What If My Cats Never Like Each Other
The hard truth is that sometimes cats don’t get along, but that doesn’t mean you did anything wrong as a cat mom (or dad).
I’ve also had cats that don’t get along, even though they’ve lived together for years. But cats usually don’t go out of their way to fight with each other. My cat, who is the “hated” cat, knows to stay from the cat does not like it. Alex knows that if he walks with his tail up near Macy while Macy is on the couch, he’ll get swiped. So he doesn’t do it. Cats learn so you won’t feel like you always need to intervene.
What Cat Toys Can Cats Play With Together
Whether your cats get along like family or fight (also, like family), you should consider getting toys that the cats can play with together.
- Cat trees that have multiple levels allow for cats to play together or apart.
- Nylon tunnels with two or more holes mean that cats can chase each other through it.
- More than one cat can chase laser lights (manual or automatic).
These toys make for great multi-cat play, but I know you’ve seen it before. One of your cats begin to kick around a ball with a bell, and another cat inevitably comes running to investigate. So really, any toy (or sock or crumpled piece of paper or pen cap) can become the hottest cat toy.
Are There Products That Can Help Calm My Cat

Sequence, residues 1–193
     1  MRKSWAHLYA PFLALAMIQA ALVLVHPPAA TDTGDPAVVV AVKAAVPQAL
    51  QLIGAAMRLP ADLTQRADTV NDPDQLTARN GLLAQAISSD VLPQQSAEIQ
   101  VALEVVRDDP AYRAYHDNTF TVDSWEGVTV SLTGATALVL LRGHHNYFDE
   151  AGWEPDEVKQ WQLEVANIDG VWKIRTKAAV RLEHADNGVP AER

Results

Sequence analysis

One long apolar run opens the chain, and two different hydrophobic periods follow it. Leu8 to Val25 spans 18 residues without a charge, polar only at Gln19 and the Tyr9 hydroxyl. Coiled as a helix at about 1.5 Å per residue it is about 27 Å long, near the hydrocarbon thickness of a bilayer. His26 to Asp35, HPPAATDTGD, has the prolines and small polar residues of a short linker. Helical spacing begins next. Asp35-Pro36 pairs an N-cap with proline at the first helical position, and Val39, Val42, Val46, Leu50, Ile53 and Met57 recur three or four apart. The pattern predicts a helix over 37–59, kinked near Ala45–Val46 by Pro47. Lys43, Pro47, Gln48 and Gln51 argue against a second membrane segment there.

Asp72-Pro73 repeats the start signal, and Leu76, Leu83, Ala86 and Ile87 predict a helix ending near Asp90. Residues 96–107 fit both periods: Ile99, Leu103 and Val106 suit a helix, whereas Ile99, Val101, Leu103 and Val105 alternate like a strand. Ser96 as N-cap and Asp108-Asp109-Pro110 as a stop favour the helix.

Maybe your Russian Blue cat isn’t as calm as you thought it was. Russian Blue cats are known to scare easily (and some may stay scared), but there are products on the market to help calm your cat.
- Pheromone sprays are some of the most popular products to calm cats. Just spritz them in the air or on your cat (make sure to read the directions), and they’re thought to calm them.
- Calming treats or collars are also popular options.
Just remember that products don’t guarantee a calm cat.
Sometimes being timid or fearful are just a part of your cat’s personality, and you’ve got to accept that too.
Although Russian Blue cats don’t need companions, Russian Blues are friendly and enjoy being around other people and pets. They have a dynamic personality, so another feline friend might help them expend some of that crazy energy. Because you know the claws may come out when your Russian Blue gets bored (and it won’t be the scratching post that gets destroyed).